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the kind of FDA scrutiny faced by 23andMe, a Mountain View, CA-based personal genome sequencing company that used to tell customers how their genetic variations might correlate with health risks. In the future, however, uBiome will deepen its microbiome testing to identify specific strains of bacteria that cause disease—which would be a diagnostic assay, Richman says.
After an angel round of fundraising, uBiome is now completing a Series A led by Andreessen Horowitz, the noted tech investment firm that backed Instagram and Pinterest. Richman declined to disclose the amount. The round had begun before uBiome was accepted by Y Combinator. Other companies in YC’s first biotech class say the summer session has put them closer to potential funding sources.
“Y Combinator is one of the best places to learn fundraising,” says Jason Kelly, co-founder of Boston, MA-based Ginkgo Bioworks. The accelerator’s mentors encouraged him to approach tech investors he wouldn’t previously have considered as likely prospects. “We’re getting interest from venture firms you would never think of as biotech investors,” Kelly says.
Founded in 2008, Ginkgo has built an automated, 11,000-square-foot synthetic biology foundry to create custom-tailored microbes for industry customers. The yeast cells and other microbes have been genetically modified to produce fragrances, natural pesticides, cosmetic ingredients, and nutritional compounds.
Kelly sees a strong kinship with tech companies. He says designing a microbe is like writing software. “DNA looks like digital code,” he says. His PhD biologists spend most of their time at computers rather than in wet labs, while technicians and liquid-handling robots execute the assembly of Ginkgo’s tailor-made micro-organisms.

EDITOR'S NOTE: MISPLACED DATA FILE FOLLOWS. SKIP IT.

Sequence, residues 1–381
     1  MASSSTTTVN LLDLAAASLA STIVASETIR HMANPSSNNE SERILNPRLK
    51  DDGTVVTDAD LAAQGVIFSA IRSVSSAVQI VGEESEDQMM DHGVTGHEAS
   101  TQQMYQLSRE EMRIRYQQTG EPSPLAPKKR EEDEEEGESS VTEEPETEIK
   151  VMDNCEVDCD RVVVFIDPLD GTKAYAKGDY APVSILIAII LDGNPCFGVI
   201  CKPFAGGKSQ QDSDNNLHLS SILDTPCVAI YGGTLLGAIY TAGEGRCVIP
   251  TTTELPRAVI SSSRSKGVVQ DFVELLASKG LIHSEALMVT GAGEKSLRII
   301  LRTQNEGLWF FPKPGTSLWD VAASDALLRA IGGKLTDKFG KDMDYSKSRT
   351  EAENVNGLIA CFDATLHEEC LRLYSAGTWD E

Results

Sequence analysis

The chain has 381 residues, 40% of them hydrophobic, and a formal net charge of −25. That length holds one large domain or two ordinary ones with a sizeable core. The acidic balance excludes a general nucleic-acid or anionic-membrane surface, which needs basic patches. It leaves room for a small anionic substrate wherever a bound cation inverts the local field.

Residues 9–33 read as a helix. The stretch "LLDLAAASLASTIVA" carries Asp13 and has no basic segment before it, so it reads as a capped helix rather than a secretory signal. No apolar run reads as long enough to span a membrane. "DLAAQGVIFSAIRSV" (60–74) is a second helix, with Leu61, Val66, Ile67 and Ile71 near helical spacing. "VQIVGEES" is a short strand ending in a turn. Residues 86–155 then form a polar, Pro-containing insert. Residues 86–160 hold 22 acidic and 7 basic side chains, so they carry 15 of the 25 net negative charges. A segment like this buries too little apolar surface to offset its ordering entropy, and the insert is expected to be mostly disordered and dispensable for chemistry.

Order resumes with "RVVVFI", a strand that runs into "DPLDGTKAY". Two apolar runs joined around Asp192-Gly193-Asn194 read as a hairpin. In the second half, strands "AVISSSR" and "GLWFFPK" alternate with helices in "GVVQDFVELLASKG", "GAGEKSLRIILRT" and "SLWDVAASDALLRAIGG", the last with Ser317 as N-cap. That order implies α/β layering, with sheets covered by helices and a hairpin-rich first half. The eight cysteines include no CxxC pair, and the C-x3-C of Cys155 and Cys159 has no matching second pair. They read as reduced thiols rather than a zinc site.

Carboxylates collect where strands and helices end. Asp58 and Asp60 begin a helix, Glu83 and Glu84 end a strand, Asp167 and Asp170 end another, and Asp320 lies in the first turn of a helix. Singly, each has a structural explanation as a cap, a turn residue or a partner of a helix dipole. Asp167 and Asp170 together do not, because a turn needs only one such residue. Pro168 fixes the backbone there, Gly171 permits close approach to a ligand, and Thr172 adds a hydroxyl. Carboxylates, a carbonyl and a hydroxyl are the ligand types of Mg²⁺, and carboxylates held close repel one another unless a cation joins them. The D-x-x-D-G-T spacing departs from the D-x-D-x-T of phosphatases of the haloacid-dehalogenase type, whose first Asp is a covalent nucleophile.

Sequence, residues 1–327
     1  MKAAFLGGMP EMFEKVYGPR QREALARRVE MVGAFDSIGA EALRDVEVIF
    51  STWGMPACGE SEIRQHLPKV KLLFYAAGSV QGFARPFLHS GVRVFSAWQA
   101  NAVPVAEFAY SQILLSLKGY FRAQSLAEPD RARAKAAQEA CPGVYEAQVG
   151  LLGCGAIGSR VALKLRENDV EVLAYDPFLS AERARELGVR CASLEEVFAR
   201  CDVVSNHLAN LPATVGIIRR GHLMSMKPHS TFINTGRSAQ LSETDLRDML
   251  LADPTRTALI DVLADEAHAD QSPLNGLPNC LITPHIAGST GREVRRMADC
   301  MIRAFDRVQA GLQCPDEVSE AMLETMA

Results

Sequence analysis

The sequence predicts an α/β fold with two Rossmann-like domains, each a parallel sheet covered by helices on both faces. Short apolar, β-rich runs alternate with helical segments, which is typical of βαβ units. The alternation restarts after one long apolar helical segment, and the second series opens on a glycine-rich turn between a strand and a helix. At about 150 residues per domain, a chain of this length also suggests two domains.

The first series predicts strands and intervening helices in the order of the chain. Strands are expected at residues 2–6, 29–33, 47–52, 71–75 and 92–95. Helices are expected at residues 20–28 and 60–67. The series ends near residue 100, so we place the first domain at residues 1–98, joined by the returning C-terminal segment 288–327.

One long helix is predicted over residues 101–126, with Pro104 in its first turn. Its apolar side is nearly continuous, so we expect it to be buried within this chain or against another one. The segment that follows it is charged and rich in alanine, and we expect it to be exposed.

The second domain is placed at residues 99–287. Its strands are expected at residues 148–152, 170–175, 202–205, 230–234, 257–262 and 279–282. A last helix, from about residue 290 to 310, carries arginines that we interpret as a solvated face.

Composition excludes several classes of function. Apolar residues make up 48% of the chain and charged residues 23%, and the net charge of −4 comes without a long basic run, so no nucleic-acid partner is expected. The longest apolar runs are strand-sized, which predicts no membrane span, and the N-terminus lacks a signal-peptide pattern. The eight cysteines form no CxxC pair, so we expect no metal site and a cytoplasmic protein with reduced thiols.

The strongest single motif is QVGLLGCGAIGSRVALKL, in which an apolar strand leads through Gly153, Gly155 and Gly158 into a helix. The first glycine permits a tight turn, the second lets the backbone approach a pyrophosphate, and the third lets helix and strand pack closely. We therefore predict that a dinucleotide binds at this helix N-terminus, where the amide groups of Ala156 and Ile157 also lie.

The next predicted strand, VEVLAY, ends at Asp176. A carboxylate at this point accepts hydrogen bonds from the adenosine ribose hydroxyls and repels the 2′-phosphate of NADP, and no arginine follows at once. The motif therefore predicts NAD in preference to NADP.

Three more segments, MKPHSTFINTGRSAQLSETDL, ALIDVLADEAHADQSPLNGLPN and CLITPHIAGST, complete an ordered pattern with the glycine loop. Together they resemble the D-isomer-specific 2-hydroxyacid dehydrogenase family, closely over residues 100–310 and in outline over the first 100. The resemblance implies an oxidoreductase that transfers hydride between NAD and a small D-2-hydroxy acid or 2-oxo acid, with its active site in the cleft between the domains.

Y Combinator’s expertise has also helped Ginkgo boost sales, Kelly says. The company signed six contracts over the 12 months before the summer session began. “During YC, we added three more,” he says.
Down the road, Ginkgo might become a developer of therapeutics to “heal” an unhealthy microbiome, Kelly says. The company has designed microbes to attack bacterial genes that make them resistant to antibiotics, though for the time being that’s not a front-burner project. Still, Kelly suspects that the microbiome therapeutics of the future might not be drugs, he says. “I think there’s a decent chance they’ll look like engineered organisms,” Kelly says.
Of Y Combinator’s five biotechs, One Codex is the purest data company. Like Google, the San Francisco, CA-based startup wants to organize a world of information by creating a search engine. But it’s the world of DNA sequences, now compiled in various government data banks, which One Codex co-founder and CEO Nick Greenfield sees as ill-connected silos.
Like the early World Wide Web, Greenfield says, the current collections of sequencing data are useful for researchers who know what they’re looking for, but they’re not linked to each other. Each databank has the equivalent of a table of contents. But One Codex wants to create a platform for a blind search: enter a DNA sequence and bring up known references to the same stretch of code, along with a wealth of annotations from multiple databanks about the possible genetic functions linked to it.
One Codex’s first customers might be state public health labs or food safety agencies that guard against infectious disease, Greenfield says. They could input raw DNA data from a mixed sample of bacteria, and the future search engine could identify the microbial species and strains, he says: “They could relate a specific strain of bacteria to a specific outbreak.”
The search engine could later be useful for biodefense and diagnostics. When DNA sequencing becomes a routine part of clinical care, doctors might decide … Next Page »